John Spreckels, who built the line died in 1927. His family sold their interest to Southern Pacific Railroad in 1932, which formed the San Diego & Arizona Eastern Railway (SD&AE) to assume operations on February 1, 1933. In 1976, Hurricane Kathleen blew into SD county. She destroyed large parts of the line. Southern Pacific tried to abandoned the line several times but was denied by the government. The Metropolitan Transit Development Board (MTDB) was looking for right-of-way to establish the trolley. They offered to buy the line from Downtown to San Ysidro and El Cajon. SP said yes but MTDB had to buy everything. This is how the trolley became a quasi freight operator. The freight is a contributor to public finds.But not much by comparison to the trolley. No public money has ever been spent as far as I know on the desert line. MTS has always leased it and the operators have been responsible for all upkeep.
Hope this answers a few questions. I do not work for any party involved in this. I just like history.
@Chris Brewster Yes - these factories have been asked...and are interested...as are other maquiladoras in the Tijuana-Tecate region. I've sat in on some of the conversations. This railway MUST function for manufacturing in our binational region to thrive. The business case is rock solid. No transit funds are being diverted. I am not aware of any US public money being spent on the project. This is a complex project involving the legal regimes of 2 different national governments (US and Mexico), state governments in US & MX, and local jurisdictions in US & MX as well.
Mr. Dick: With respect to your statement that no transit funds are being diverted, the article states, "MTS purchased 108 miles of the Impossible Railroad line in 1979 that included the Desert Line for $18.1 million." Were those not public funds? Since MTS owns the line apparently, is the failure to develop it in a reasonable timeframe not preventing a return on investment for MTS (assuming that is their intention)?
KUSI has reported, with respect to the company running the railroad, "A company called Pacific Imperial Railroad persuaded Metropolitan Transit System to lease the line to their company. But PIR has problems - namely, its principal owners have never run a railroad. What they have done is fight off lawsuits from dozens of investors who claim they've squandered millions of dollars on failed business deals." Would this not sound, to reasonable minds, like a scam and would it not concern reasonable people that MTS gave a company like this a 99 year lease? Where is the due diligence?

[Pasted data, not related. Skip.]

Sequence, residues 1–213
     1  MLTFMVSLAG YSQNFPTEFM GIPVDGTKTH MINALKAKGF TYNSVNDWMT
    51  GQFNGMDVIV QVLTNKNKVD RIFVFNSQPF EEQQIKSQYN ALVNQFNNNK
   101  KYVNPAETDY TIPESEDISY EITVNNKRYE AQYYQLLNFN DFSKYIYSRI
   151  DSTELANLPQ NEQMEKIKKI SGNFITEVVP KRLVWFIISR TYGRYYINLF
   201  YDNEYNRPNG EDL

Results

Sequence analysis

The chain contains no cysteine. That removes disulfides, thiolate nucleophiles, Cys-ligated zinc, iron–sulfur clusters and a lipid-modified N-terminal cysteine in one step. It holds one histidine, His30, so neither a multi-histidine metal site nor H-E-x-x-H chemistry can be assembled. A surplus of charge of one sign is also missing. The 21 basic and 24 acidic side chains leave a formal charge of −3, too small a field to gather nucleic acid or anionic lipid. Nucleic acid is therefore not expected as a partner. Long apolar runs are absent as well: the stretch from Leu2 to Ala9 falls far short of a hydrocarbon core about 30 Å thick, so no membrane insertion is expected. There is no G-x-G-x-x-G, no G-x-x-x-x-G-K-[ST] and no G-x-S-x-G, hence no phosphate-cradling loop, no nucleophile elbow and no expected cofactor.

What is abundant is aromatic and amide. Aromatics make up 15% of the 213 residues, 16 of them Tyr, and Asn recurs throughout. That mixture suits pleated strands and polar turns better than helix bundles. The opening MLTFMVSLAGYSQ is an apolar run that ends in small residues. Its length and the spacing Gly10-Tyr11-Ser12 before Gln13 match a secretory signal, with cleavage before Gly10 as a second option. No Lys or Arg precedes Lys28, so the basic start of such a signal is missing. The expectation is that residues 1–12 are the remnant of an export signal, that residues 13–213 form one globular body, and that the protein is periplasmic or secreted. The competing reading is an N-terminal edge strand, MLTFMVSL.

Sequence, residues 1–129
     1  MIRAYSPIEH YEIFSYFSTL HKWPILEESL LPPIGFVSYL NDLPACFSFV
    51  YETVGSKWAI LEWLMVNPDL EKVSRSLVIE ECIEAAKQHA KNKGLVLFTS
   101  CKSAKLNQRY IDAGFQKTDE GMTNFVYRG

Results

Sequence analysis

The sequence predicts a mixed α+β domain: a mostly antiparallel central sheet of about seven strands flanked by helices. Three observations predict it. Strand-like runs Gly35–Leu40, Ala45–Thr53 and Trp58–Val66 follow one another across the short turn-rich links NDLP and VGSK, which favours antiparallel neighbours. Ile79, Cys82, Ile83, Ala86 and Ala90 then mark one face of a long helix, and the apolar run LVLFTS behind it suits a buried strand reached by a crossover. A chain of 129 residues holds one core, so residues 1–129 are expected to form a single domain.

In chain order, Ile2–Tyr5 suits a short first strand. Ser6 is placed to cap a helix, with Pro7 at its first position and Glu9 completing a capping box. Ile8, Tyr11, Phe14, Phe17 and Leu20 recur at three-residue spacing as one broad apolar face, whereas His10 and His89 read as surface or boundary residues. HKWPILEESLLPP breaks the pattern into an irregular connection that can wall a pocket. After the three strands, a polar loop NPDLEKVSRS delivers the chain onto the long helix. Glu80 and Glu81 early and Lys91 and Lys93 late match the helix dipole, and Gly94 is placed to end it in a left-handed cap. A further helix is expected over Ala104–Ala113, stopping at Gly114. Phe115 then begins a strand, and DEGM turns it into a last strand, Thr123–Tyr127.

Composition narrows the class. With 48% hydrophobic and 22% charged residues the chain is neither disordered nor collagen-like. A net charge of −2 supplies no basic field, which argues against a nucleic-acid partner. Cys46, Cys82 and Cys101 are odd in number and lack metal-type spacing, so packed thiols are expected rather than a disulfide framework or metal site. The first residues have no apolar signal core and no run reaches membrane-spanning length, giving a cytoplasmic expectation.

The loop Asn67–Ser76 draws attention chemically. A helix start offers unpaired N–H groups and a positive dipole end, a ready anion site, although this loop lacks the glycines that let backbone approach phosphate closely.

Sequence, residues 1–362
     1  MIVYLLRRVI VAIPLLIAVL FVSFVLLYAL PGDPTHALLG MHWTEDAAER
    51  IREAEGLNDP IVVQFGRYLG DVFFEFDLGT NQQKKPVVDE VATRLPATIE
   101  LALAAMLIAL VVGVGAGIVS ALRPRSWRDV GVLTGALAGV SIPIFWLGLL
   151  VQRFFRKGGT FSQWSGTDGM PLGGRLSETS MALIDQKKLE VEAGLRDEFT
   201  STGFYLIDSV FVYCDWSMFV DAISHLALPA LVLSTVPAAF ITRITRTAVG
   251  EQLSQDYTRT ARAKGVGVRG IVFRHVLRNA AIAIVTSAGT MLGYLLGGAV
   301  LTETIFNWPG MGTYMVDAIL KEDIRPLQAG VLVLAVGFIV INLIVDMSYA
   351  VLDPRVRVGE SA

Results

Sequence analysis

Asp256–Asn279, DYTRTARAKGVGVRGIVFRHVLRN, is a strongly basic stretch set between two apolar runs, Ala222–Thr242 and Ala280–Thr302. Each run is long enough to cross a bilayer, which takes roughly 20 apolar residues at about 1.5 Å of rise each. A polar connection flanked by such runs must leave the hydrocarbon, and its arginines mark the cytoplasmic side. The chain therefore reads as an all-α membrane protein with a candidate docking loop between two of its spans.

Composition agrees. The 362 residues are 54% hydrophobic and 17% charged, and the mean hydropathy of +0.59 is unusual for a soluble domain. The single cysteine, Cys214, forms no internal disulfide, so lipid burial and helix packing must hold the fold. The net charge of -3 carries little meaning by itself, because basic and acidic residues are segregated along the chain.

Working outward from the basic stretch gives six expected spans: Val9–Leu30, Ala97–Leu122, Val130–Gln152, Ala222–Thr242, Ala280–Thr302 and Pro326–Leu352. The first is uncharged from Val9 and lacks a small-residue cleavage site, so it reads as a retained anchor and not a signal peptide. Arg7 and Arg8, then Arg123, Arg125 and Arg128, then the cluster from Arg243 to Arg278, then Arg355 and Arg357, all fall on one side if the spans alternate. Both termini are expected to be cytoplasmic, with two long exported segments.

If the business case, as you say, is, "rock solid," why is the effort being run by people of this low level of reputation? If the business case is rock solid, why wouldn't more reputable individuals be involved and why would this effort not have been completed long ago? If this railway must function for manufacturing in our binational region to thrive, then why aren't competent people involved in making it so?
The story is a good one. The economics Mr. Burnham describes seem plausible on their face; but why then wouldn't competent managers and thoughtful investors have been attracted to complete this long ago? There are aspects of this that defy common sense.
@Chris Brewster Thanks for the terrific and insightful commentary. I'm on the Smart Border Coalition with Malin and remark that the handling of the Desert Line "defies common sense" is a polite understatement.
Tough questions are being asked, finally, and perhaps we will see some clearer thinking before its too late. The decision announced earlier this week by Hyundai to locate its new auto plant in Nuevo Leon Mexico over its first choice - the Tijuana maquiladora region (a $1.5 billion investment with lots of spill over benefits for both sides of the border) - due to the lack of adequate freight rail infrastructure should serve as be a wake up call.
You, Keats, Ari and others are spot on.
I would only add that when sophisticated private capital and management talent cannot be attracted to an ostensibly sound commercial opportunity such as this, there is usually a structural issue. The current fragmentation of the once unified rail line from San Diego to El Centro into 3 franchises with 2 government owners with disparate legal, economic and regulatory regimes is a non-starter. Had the MTS bothered to retain some expert advice from financial advisors with expertise in structuring public private infrastructure partnerships, perhaps we would could have saved years of nonsense. I hazard to say that even SANDAG could have done a better job in thinking through the proper ground rules.
Establishment of a bi-national "joint power authority" (with full responsibility for development of the system on both sides of the border) is a logical first step in attracting competent operators. The business case for a $200- 300 million investment in a short line rail system is there, I've seen the models, but a harmonized and viable concession structure is not.
This does not have to be a Chunnel, and the federal, state and local governments on both sides of the border could potentially collect tens of millions annually from a properly structured public private infrastructure partnership. Federal funding is available, capital markets are receptive and customer demand is robust.